Between April 1983 and December 1986, the earliest and latest dates for which figures are available, 395,500 were disallowed. Only during the short period between October 1986 and April 1987 would a woman with a record of 49 contributions paid or credited have been disqualified from receiving maternity allowance. The number so affected must be very small indeed.
I thank my hon. Friend for that answer. As the exact numbers are not known and very small indeed, it is possible that my constituent, Mrs. Watson, is the only woman in the country who has been so affected and will be the only woman so affected because the Government have since changed the law, so that people who would have lost benefit simply because they were paid monthly rather than weekly will not be denied benefit. Will my hon. Friend reconsider giving that lady the benefit to which she would have been entitled if her employer had paid her weekly rather than monthly?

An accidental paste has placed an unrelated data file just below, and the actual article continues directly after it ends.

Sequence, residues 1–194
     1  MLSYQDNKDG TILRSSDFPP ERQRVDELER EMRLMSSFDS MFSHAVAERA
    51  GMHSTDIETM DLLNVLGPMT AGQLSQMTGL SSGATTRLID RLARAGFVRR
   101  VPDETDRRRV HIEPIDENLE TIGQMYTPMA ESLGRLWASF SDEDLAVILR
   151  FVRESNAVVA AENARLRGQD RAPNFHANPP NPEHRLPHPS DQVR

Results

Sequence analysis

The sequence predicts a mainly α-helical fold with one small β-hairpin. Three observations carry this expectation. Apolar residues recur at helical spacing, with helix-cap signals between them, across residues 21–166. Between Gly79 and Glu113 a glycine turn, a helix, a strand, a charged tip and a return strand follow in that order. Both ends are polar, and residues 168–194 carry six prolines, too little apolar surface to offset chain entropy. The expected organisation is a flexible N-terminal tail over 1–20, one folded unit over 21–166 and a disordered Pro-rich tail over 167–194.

My hon. Friend is right in saying that the system has changed so that what now matters is whether the lady was recently in employment. I hope my hon. Friend will welcome that change, but I should point out that, in the case of his constituent, it was not just a matter of the way in which we applied the rules. We had also to bear in mind the fact that, while the lady was unemployed, she went abroad for two weeks and was therefore unable to have the credit. If she had not gone abroad, she would have had 51 credits.
Does the Minister agree that the problem would not have arisen if the situation in which someone could make reduced contributions and pay slightly less than the full contribution in terms of the stamp had not been changed in the Social Security Act 1986? Will the Minister further explain how much money the Government have saved by scrapping that reduced rate?
Maternity benefit should be paid to people who leave work because they are pregnant and are used to receiving their money from work. The new statutory maternity payment system and the maternity allowance address that need. The old system, under which we went back to some distant year to see what national insurance contributions had been paid, was much less effective in meeting that need.